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Islam and the Classical Heritage

August 25, 2018–January 27, 2019

 Legion of Honor

Fine Arts Museums of San Francisco

Logan Gallery of Illustrated Books

 

 

From the story of Alexander the Great — known as Iskandar in the Islamic tradition — to the insights of the Greek sciences, this exhibition of manuscripts drawn from the National Library of Israel’s special collection explores the transformation of the classical past into the Islamic world. Representing heroes such as Alexander and other historic notables, including Aristotle and the second-century CE scientist Ptolemy, it features works created in Iran, India, Turkey, Spain, and Italy from the fourteenth through nineteenth centuries.

 

The story of Islam’s interest in the classical cultural heritage begins with an unprecedented translation movement after the Abbasid dynasty’s victory over the earlier Umayyad caliphate in 750. Under the Abbasids (750–1258), many classical Greek sources—on medicine, mathematics, astronomy, astrology, and philosophy, as well as tales and popular literature—were rendered into Arabic. Through their intellectual efforts, scientists and scholars in the Islamic world created a culture that was free to challenge as well as elaborate on the ancient sources. Subsequent Islamic scholars corrected, synthesized, and commented on earlier works that, in turn, served to bring the classical heritage into Hebrew, Latin, and then modern European languages.

 

Islam and the Classical Heritage brings a larger awareness to how Islamic authors, philosophers, and scientists spread and transformed classical knowledge. It reveals the prominence of science in Islamic culture and society. It illustrates, for example, how mathematicians of the Islamic world first introduced the concept of algebra (al-jabr), which greatly enhanced the study of arithmetic. The installation includes a commentary on the works of al-Khwarizmi (780–850), which drew from earlier Babylonian, Egyptian, Greek, Indian, and Chinese mathematics.

 

The catalyst for the formation of this special collection was the scholar and manuscript collector Abraham Shalom Yahuda, who in 1924 donated the vast majority of the Islamic manuscripts now in the collection of the NLI. One manuscript  in the exhibition that represents its exceptional Judaica collection is a fourteenth-century compendium of Hebrew translations of the Arabic versions of several Aristotelian treatises and commentary. Hebrew translations like this served as the source for many of the first Latin renderings of classical Greek texts in late medieval Europe.

 

Islam and the Classical Heritage is organized by the Fine Arts Museums of San Francisco in collaboration with the National Library of Israel.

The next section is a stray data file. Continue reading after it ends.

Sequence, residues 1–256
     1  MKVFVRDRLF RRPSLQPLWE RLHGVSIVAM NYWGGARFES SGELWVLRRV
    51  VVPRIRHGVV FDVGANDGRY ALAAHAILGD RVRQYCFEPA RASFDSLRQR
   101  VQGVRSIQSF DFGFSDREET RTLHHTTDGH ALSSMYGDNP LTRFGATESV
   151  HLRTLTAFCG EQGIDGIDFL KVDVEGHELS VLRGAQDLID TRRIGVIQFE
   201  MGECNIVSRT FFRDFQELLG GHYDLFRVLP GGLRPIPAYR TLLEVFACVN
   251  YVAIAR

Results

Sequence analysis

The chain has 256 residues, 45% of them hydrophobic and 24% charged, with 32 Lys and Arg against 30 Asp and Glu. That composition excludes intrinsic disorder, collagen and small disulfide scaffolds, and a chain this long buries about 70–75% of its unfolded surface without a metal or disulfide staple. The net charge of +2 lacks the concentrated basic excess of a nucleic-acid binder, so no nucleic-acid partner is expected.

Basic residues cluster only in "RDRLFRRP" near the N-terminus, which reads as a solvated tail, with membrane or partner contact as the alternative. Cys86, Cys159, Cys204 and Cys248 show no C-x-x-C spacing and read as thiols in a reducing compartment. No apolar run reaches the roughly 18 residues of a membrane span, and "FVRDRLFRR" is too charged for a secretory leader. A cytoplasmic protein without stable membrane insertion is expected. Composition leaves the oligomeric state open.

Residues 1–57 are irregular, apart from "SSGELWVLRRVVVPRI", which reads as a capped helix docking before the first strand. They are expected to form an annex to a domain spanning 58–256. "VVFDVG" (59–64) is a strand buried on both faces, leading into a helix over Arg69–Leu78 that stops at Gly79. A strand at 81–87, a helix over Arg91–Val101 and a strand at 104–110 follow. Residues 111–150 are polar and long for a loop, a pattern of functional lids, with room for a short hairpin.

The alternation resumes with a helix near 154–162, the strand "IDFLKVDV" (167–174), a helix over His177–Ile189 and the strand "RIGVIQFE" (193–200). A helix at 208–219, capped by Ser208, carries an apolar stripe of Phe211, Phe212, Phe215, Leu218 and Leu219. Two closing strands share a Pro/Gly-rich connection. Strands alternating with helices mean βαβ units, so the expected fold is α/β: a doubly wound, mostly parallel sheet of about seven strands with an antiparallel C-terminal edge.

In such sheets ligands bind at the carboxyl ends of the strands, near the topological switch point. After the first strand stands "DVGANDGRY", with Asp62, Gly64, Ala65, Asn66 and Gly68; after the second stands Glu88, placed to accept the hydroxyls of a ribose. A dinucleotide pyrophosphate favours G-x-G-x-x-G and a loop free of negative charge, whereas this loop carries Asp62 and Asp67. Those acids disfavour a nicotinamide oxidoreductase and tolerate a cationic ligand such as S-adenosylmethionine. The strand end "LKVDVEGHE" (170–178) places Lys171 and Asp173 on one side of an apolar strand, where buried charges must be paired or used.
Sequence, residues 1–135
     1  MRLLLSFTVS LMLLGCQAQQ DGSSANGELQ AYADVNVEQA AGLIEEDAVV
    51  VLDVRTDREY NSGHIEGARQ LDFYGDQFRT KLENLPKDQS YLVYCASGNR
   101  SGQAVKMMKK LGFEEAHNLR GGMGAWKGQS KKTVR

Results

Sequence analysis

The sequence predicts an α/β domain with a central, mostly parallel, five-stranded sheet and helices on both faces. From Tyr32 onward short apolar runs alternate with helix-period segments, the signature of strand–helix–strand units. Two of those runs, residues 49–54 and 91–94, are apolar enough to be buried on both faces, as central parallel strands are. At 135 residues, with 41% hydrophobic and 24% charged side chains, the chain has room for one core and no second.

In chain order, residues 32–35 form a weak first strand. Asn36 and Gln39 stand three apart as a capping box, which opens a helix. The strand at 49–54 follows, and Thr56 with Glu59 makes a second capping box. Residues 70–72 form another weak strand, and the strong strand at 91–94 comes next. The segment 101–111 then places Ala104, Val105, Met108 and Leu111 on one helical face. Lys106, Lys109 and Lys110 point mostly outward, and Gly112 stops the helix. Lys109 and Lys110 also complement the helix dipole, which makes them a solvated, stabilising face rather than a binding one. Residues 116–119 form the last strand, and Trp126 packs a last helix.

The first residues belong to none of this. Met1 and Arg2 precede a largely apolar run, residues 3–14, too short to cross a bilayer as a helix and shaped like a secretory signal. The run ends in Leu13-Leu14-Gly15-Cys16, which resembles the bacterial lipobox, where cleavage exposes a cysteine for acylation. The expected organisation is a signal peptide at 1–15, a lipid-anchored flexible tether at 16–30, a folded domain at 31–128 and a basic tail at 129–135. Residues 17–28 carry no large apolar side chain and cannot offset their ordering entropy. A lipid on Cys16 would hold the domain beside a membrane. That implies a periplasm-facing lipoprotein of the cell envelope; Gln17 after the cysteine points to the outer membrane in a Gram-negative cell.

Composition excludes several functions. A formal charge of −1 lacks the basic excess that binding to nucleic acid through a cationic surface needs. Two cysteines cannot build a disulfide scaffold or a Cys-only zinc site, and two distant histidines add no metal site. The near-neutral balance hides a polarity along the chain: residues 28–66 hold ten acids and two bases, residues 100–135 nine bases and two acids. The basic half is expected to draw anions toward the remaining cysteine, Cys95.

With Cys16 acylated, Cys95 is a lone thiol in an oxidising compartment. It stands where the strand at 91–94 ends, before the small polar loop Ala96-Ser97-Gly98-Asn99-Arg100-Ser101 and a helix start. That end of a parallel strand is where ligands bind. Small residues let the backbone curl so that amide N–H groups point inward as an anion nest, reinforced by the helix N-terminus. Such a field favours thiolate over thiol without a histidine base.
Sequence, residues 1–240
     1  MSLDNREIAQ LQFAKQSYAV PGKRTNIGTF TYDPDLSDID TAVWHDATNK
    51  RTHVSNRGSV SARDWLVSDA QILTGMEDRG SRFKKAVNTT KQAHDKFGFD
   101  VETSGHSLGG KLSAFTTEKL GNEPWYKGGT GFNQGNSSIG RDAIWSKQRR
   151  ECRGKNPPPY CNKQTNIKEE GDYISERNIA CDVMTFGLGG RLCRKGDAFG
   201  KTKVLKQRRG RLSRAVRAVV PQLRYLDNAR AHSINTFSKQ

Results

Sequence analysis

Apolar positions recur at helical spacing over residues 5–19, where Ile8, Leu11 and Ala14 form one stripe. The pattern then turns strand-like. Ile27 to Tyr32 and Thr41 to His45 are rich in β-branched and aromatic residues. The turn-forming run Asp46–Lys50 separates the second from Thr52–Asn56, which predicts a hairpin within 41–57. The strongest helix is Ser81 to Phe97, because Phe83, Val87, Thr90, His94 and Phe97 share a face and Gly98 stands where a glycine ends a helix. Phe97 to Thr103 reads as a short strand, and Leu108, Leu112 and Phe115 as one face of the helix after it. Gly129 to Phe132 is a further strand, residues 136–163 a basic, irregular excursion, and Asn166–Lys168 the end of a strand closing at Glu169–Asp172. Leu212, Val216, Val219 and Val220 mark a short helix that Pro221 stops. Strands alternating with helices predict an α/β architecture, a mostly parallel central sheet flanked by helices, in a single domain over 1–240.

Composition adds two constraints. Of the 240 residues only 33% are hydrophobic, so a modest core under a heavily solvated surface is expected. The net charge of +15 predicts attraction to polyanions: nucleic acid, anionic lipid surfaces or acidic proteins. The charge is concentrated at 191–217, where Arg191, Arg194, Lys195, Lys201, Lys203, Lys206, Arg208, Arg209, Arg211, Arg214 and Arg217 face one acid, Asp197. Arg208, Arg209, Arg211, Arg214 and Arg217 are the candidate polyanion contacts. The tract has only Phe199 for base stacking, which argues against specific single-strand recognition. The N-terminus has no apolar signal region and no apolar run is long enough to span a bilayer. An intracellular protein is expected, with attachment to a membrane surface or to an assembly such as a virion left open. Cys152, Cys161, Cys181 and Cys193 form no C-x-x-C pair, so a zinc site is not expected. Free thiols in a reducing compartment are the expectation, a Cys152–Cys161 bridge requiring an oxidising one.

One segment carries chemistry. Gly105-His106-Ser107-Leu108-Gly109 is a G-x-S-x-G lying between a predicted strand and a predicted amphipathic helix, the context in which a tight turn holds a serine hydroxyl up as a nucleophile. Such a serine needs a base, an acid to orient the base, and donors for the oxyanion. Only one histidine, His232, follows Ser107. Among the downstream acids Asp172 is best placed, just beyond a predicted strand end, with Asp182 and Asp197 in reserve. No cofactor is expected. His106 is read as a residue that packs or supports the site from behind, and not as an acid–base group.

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Khamsa, Nushabah shows Iskandar his portrait, Nizami Ganjavi (1141–1209); Copyist: Unknown; Language: Persian

Ink, opaque watercolor, and gold on paper, Kashmir, 1798, Ms. Yah. Ar. 1019

 

In this tale of Iskandar’s visit to the realm of Queen Nushabah, he is recognized under his disguise by the queen, who shows him a portrait of himself. Nushabah, on the right, knees while Iskandar is seated on a raised couch and holds the painting. Ten female courtiers are in attendance. In the background, an open doorway gives access to a garden.

 

Nizami locates the imaginary kingdom of Barda near Ganja, his hometown, in what is now Azerbaijan. The queen’s name, Nushabah, or “Water of Life,” is a clear nod to Iskandar’s quest for immortality, and she is presented in the story as the embodiment of the ideal sovereign, a noble character possessing khirad, inborn wisdom.

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Revision of “The Book of Optics for Those Possessing Sight and Insight” by Ibn al-Haytham (965–1040) (Tanqih al-manazir li-dhawi al-absar wa-l-basa᾿ir), Diagram of the eyes, Kamal al-Din al-Farisi (1260–ca. 1320); Copyist: Abd al-Rahman ibn, Ali ibn Mu'ayyad; Language: Persian, Ink on paper, Ottoman Turkey, 1511, Ms. Yah. Ar. 384

 

Al-Farisi, a scientist and leading thinker of the fourteenth century, was an intellectual heir of Nasir al-Din Tusi. Farisi's most important work is an expansive revision of Ibn al-Haytham's magisterial work on optics, including new theories on the rainbow and the camera obscura. The Tanqih particularly focused on the study of reflection and refraction, a field that indirectly benefited new research on the theory of sight and, consequently, ophthalmology. While this treatise is not devoted to ophthalmology per se, al-Farisi dedicates a section to the description of the anatomy and physiology of the eye. This illustration shows a schematic drawing of how light enters and is refracted in the eye.